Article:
World Cup season is here and at this time, we all become aware of just how popular the sport is around the world.
If you regularly play or coach football, you’ll know how easy it can be to suffer an injury on the pitch. To help you avoid these common footie injuries, we’ve outlined the ones that are most likely to see you out of action for several games and detailed how you can work to reduce the risk for an all-round safer and better on-pitch performance…
Injury to the hamstring
Obviously, legs are a vital part of your body when playing the beautiful game — but overstretching major muscles, like your hamstring, can result in pain and swelling. Your hamstring is found at the back of your thigh and runs from the hip to the knee. If you tear your hamstring, you could be out of action for a while, however, if you simply pull your hamstring, you should be fine to continue.
Are some players more likely to get a hamstring injury? Perhaps. Reportedly, people with existing back issues are more susceptible to strained hamstrings, so to avoid this injury, loosen your back with exercises such as lumbar rotation stretches (lying on the floor and rolling your knees from side to side). Basic glute stretches will ease muscles around your hips, while yoga will help you stay flexible, which will lower the risk of hamstring strain. Squats, lunges and hamstring kicks are also great preventative exercises, as they work to strengthen the hamstring muscles.
If you really want to lower your chances of a hamstring injury, try the Nordic ham curl:
- Kneel on the floor and hook your feet under something sturdy and heavy that can take your weight or ask a partner to hold your feet to act as an anchor.
- Engage your core and slowly lower yourself to the ground, using your hamstrings to keep your body straight.
- Reach the ground, then push yourself up and repeat.
Injury to the ankle
Your feet are made up of lots of bones and the soft tissue in this part of your body can get easily harmed when playing this foot-focused sport. Spraining an ankle means you have damaged your soft tissue, and according to the CSP (Chartered Society of Physiotherapy), approximately 70-85% of these injuries are ‘inversion’ sprains, which means the ankle has been turned inwards — common when tackling and dribbling the ball.
To strengthen your ankles, try these movements:
- Ankle circles (both clockwise and anti-clockwise).
- Calf raises.
- Shin raises (lifting your toes, rather than your heels, off the ground).
Injury to the anterior cruciate ligament (ACL)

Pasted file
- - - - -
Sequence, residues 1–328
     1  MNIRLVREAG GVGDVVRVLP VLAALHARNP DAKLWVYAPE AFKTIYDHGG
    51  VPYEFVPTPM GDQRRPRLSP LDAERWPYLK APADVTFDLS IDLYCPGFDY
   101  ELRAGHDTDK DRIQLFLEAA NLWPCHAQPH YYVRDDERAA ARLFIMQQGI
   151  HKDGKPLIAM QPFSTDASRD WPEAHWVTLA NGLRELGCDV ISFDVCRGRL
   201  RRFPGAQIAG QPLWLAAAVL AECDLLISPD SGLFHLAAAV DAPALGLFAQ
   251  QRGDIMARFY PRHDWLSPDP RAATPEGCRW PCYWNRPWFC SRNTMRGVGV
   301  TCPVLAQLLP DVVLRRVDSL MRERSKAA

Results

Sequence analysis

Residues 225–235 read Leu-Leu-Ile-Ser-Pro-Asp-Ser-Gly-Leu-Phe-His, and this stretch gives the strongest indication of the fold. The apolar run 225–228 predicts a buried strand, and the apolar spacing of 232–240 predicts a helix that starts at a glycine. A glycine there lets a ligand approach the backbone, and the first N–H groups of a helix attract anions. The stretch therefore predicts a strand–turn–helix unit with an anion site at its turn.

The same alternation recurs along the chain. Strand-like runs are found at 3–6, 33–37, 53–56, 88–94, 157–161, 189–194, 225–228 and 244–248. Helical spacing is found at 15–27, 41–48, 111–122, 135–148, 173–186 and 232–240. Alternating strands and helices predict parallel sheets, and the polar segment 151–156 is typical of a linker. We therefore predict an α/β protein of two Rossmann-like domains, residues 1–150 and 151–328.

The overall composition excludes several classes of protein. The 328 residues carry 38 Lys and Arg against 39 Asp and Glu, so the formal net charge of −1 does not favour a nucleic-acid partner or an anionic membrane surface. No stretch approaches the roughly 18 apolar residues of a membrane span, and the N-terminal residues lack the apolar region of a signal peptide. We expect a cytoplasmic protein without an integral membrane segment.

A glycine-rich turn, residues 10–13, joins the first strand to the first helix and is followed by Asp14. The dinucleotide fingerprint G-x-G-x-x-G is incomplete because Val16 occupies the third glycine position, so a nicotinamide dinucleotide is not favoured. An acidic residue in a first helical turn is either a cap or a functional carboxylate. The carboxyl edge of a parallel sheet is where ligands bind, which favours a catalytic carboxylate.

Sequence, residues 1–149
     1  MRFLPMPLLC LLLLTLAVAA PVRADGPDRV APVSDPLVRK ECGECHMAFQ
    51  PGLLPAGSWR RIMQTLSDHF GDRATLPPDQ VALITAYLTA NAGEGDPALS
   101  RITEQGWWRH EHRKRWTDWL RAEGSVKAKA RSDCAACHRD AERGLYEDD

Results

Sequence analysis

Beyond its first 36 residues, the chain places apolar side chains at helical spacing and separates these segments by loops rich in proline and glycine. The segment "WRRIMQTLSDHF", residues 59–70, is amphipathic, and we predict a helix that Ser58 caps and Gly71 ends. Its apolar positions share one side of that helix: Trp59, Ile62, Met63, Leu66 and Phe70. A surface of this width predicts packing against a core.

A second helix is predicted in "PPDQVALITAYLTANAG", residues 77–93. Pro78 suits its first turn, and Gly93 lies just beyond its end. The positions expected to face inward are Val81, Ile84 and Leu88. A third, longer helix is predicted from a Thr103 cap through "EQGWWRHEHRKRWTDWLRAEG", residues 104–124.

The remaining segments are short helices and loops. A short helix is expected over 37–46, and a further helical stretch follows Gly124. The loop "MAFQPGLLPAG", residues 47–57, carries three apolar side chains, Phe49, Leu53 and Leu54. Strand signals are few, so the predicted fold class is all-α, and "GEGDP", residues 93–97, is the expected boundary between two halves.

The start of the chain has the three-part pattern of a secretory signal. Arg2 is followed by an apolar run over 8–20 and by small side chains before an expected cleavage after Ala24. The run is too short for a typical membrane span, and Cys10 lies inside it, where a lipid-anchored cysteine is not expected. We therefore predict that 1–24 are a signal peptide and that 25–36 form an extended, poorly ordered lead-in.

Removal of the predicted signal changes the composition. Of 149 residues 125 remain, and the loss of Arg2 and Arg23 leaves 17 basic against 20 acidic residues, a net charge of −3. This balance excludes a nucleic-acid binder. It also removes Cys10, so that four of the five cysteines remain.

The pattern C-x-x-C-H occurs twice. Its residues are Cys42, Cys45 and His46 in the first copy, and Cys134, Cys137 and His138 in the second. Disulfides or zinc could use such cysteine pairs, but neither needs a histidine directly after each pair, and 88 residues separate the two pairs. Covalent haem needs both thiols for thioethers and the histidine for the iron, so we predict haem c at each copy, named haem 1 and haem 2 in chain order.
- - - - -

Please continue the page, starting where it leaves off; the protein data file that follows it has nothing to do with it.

Balance, coordination and stability are three essentials components of a decent football player, and your ACL plays a large role in the steadiness of your knee. However, it’s often damaged by the twisting and turning of the leg. If you hurt your ACL, it’ll be painful and you’ll likely see swelling around the area. But before then, you may hear and feel it pop or snap…
Your hamstrings and quadriceps are key to protecting the safety of your ACL and ensuring that it isn’t harmed during a game. According to HSS, Hospital for Special Surgery, you should do plenty of leg stretches like squats and walking lunges. Having good balance — or proprioception — is vital if you want to avoid injuring your ACL too, so practice standing on one leg (30 seconds on each) regularly to boost your stability. These exercises also help prevent injuries to your menisci, which are cartilages that protect the knee joint.
Injury to the groin
Groin injuries are always heard of in the news with regard to professional players, as it’s such a simply injury to incur. If you strain your groin, you’ve basically over-extended your abductor muscles, found in your inner thigh. A slight strain will often cause some pain, however, serious groin strain injuries can impede on your ability to walk and run, which is a serious flaw for a football player.
During your pre-match warm-up and even as part of a daily exercise regime, try stretching your inner and outer thigh muscles. Sports massages are also great for keeping muscles supple. A strong core enhances pelvic stability, which will also reduce the chance of groin strains, so do plenty of planks and crunches as part of your basic workout routine. Resistance bands are also very handy for strengthening your inner thigh muscles and preventing groin strain.
Get ready to excel in each match
Ever since school PE lessons, we’ve been told to warm-up prior to any exercise — and this remains sound advice if you’re a footballer. According to a scientific study, taking part in a structured warm-up is effective at stopping players from suffering common football injuries and can reportedly even lower these by approximately 33%.
Brief cardiovascular workouts encourage blood to your muscles, which is essential before a match. Here’s a top warm-up session to help you prepare your tendons, ligaments and muscles for a good performance:
- 5 minutes of jogging and side-stepping to boost your core temperature.
- 15 minutes of stretching, focusing on your quads, glutes, hamstrings, inner thighs, lower back, calves, Achilles tendon, and hip flexors. You should hold your stretch for ten seconds every time.
- 10 minutes of mimicking football movements without a ball including high kicks, squats, jumps, and side-foot passes.
- 10 minutes of practicing shooting, heading, passing, and dribbling as a team with a football.
Another part of your pre-match regime you could look at to boost your performance and prevent injury is food. Eat plenty of protein and carbohydrates — including eggs, whole-wheat pasta, brown rice, turkey and salmon — to build muscle and deliver energy. Also, lower your alcohol intake — it dehydrates you and leaves your muscles more susceptible to cramping and injury. Omega 7, iron, vitamin C and other supplements may also help to protect your tissues and boost recovery rates should an injury occur.
Never miss a match with these top injury-dodging football tips.